'Unacceptable': Japan urges Russia to release detained fishermen

Five Japanese boats were fishing for octopus near disputed Russian-held islands when they were seized.

    Russia took control of the islands off the north of Hokkaido after the Second World War II [File: AP Photo]
    Russia took control of the islands off the north of Hokkaido after the Second World War II [File: AP Photo]

    Japan's foreign ministry demanded the release on Wednesday of the crew of five fishing boats detained by Russia, saying the men had been doing nothing wrong and should be released quickly on humanitarian grounds.

    The Japanese were seized by border guards from Russia near disputed islands north of Hokkaido that are held by Russia and claimed by Japan, as Japanese Foreign Minister Toshimitsu Motegi was visiting Russia.

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    The ships were fishing for octopus near the four islands - known as the Southern Kurils in Russia and Northern Territories in Japan - when they were taken by Russian ships for "investigations" on suspicion they had violated fishing agreements, Chief Cabinet Secretary Yoshihide Suga told a news conference on Wednesday.

    Motegi - Russia - Lavrov
    The fishing crews were detained as Japanese Foreign Minister Toshimitsu Motegi (right) was in Russia for talks [File: Franck Robichon/AFP]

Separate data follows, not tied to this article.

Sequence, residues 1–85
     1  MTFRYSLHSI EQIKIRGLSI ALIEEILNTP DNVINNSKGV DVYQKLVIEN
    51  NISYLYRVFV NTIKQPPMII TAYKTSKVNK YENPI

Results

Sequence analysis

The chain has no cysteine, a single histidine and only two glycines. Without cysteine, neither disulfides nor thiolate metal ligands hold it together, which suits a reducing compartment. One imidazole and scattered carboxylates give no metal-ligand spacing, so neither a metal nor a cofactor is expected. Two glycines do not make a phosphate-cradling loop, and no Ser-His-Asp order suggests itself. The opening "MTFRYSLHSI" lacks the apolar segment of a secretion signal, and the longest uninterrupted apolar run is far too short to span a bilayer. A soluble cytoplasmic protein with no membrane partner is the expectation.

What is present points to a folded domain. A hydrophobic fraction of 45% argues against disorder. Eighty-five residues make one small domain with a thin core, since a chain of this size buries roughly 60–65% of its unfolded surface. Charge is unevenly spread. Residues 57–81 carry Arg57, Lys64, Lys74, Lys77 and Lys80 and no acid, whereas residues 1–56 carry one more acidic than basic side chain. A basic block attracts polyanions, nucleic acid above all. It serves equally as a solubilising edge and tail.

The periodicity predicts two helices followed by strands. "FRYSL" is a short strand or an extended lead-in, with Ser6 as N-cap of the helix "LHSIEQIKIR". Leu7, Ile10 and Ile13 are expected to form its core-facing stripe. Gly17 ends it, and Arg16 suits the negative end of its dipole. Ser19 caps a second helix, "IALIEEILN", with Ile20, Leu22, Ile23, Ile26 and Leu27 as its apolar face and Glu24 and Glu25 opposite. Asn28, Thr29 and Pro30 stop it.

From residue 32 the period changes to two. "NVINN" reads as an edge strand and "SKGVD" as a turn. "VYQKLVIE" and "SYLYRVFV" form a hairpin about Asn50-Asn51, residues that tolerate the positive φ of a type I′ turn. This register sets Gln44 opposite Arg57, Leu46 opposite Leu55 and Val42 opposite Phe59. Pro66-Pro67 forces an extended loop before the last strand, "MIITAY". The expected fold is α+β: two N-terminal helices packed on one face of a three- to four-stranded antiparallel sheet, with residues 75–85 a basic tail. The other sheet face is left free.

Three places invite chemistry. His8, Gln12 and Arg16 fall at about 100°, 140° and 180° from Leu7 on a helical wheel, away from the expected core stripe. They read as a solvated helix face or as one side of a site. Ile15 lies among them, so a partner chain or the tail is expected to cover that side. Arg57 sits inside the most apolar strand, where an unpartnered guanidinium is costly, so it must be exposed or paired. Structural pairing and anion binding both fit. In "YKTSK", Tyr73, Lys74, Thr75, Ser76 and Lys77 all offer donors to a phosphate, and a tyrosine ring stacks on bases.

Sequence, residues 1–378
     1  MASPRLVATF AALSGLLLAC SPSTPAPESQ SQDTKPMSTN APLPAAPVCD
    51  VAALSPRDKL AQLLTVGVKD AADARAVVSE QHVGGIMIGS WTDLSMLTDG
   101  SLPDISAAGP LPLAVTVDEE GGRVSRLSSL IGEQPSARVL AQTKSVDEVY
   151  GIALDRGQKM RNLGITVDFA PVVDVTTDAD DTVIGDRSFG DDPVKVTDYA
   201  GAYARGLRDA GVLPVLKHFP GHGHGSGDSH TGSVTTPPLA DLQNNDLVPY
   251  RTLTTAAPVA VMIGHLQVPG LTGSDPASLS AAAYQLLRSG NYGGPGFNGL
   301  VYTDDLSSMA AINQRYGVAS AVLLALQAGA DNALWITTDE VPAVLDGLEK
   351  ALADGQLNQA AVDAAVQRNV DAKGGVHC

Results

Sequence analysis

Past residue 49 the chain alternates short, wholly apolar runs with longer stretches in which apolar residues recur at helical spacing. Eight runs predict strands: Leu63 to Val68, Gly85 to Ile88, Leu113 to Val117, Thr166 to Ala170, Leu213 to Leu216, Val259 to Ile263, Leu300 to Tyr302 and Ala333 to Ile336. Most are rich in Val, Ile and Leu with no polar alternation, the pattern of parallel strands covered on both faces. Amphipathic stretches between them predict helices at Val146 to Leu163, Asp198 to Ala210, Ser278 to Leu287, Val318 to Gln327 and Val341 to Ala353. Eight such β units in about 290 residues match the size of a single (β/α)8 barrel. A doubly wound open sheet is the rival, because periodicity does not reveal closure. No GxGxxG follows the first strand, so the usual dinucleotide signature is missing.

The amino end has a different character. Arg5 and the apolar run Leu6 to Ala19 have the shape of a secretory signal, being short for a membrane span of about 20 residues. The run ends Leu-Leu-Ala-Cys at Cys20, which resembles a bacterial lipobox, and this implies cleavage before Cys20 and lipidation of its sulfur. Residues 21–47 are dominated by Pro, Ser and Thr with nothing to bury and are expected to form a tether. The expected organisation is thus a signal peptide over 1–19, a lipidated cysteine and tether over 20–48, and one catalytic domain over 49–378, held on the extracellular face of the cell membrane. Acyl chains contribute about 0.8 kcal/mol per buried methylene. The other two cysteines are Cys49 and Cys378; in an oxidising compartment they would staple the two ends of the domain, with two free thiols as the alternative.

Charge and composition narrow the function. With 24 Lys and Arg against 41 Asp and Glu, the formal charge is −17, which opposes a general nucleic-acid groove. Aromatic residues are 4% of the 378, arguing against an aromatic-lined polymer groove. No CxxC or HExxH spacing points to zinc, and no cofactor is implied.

"This is unacceptable," Suga said, adding the fishing crews had done nothing wrong.

    "The government is strongly demanding, from a humanitarian perspective, the early release of the crew and ships."

    A Japanese crab fishing boat was seized by Russia in late January this year, with its crew released just over a month later after paying a fine.

    The disputed islands were invaded by the then-Soviet army in the waning days of World War II Two.

    The islands dispute has prevented Russia and Japan from signing a formal peace treaty, but Russian President Vladimir Putin suggested to Japanese Prime Minister Shinzo Abe last year that they sign an accord by year-end "without any pre-conditions".

    Although Abe rejected that proposal, he promised in January to push for a treaty.

    Progress has proved elusive, although senior officials and political leaders from both countries have since held talks on the issue.

    Japanese media has reported that Motegi's current five-day visit to Moscow is aimed at restarting negotiations.

    SOURCE: Reuters news agency